Wholesale channel concerns
The CFPB’s proposed changes would also greatly affect the wholesale channel. The decision by Wells Fargo to join the ranks of Chase, CitiMortgage and other banks in backing out of the market has already shaken things up quite a bit, giving brokers less of a choice regarding what company with which to do business. A proposed new form from the CFPB will create more risk for wholesale lenders, who will be responsible for the fee quotes originators provide to consumers on the disclosures and to ensure the disclosures are delivered within three business days. With this level of accountability, wholesale lenders want to take this option of providing the disclosure forms to consumers away from brokers and handle loan estimates themselves.
Today, brokers are approved to place loans with several wholesale lenders. Often they do not monitor as closely as they should changes in fee information on documents to match each lender’s hard costs, such as underwriting and document preparation. Wholesale lenders accepting brokered loans must run a time consuming quality control process to ensure these fees are properly accounted for and other fees held to tolerance are accurately disclosed. If they find errors upfront, the wholesale lender must reject the file or face the responsibility for tolerance violations to the borrower if they accept the file.
To prevent this added risk, wholesale lenders want their loan costs, based on loan type, hard coded into data solutions that brokers can access to deliver actual closing costs. Whether a wholesale lender continues to allow the broker to send the disclosure package to the borrower themselves or they implement a policy of disclosing for the broker, data solutions ensure accuracy upfront, expedited quality control processes, reduced risk to the wholesale lender and satisfied borrowers who obtain financing and costs that match those originally communicated to them.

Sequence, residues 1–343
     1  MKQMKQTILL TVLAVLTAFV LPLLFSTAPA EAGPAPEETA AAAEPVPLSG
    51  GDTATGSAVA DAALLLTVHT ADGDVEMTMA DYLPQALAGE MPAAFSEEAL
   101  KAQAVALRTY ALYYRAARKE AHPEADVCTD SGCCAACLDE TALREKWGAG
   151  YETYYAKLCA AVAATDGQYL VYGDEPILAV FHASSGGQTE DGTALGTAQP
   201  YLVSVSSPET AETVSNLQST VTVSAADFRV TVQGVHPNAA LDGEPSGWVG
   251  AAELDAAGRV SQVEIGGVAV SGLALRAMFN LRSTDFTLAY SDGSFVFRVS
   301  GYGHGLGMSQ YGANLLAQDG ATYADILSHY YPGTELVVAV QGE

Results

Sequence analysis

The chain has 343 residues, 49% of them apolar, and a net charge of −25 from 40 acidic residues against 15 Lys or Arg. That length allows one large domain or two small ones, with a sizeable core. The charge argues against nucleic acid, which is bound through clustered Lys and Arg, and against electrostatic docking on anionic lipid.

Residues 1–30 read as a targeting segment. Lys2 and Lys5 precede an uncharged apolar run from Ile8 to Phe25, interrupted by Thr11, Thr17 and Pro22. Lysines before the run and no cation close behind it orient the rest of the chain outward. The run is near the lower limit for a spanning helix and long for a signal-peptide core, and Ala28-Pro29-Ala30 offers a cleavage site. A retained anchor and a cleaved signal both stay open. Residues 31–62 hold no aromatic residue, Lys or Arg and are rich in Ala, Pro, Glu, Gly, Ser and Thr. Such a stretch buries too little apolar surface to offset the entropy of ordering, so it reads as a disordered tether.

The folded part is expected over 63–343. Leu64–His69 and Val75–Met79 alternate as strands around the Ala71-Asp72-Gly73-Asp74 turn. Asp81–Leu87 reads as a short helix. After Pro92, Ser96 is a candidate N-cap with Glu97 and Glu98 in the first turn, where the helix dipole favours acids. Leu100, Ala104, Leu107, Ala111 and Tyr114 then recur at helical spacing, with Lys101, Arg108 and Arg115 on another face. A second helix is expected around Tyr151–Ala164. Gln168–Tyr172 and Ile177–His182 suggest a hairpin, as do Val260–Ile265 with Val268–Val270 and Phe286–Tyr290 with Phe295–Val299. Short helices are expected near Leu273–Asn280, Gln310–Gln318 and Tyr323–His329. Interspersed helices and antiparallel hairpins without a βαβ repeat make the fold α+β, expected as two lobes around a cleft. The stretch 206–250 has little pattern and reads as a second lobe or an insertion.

Technology: The growing solution
Cost-effective technology is available today to prepare for regulatory and compliance changes, including those proposed by the CFPB. These systems will be critical to give lenders and originators alike the ability to efficiently manage information as well as the control they must have to eliminate human error.
A growing requirement also driven by the CFPB is electronic record keeping. The new regulatory agency is firmly rooted in the importance of leveraging technology; therefore, it promotes the use of systems as much as possible. As an example, auditors will want to view entire pipelines at all stages in real-time as part of their examination.
These change have and will continue to challenge companies that are not completely paperless because they cannot produce the information in the format that auditors want. Nevertheless, data providers, compliance services, electronic disclosures, automated document storage and management will continue to be growth areas within the industry, accelerated by these regulations. Not only will technology facilitate compliance, it will also make record retention much easier for lenders.
The mortgage industry just recently overhauled its disclosure technology in 2009 for GFE and HUD-1 changes, among other ongoing requirements, such as Unfair and Deceptive Acts and Practices. With the ever-changing regulatory climate, it is safe to say the uncertainty is certain. The final implementation for the new combined Loan Estimate and Closing Document will most likely not happen until 2014. The CFPB has become an integral part of our future and will change the way companies conduct business. The proper use of technology to support data and compliance initiatives will help in the adjustment along with a firm understanding that change is inevitable and necessary to run a profitable, compliant business.
Cathy Blaszyk is vice president of lender services for ClosingCorp, a provider of residential real estate closing cost data and technologies for mortgage lenders, real estate professionals and consumers. She may be reached by e-mail at email@example.com.